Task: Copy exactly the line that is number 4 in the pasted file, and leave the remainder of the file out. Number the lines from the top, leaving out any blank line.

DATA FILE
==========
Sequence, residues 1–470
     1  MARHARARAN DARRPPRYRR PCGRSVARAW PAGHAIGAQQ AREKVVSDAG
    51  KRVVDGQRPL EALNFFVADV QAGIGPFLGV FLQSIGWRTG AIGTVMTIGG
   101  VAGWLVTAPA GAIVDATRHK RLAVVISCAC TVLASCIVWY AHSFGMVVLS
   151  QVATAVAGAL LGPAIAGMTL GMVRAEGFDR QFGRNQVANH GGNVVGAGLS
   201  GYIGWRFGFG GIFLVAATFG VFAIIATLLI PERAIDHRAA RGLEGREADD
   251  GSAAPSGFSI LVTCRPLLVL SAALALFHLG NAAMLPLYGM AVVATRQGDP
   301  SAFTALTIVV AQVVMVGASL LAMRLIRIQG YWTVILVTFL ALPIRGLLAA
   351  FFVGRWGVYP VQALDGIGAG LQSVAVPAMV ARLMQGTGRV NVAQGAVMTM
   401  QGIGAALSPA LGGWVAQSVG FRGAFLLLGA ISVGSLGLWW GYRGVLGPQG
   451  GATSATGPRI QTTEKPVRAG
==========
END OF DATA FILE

   101  VAGWLVTAPA GAIVDATRHK RLAVVISCAC TVLASCIVWY AHSFGMVVLS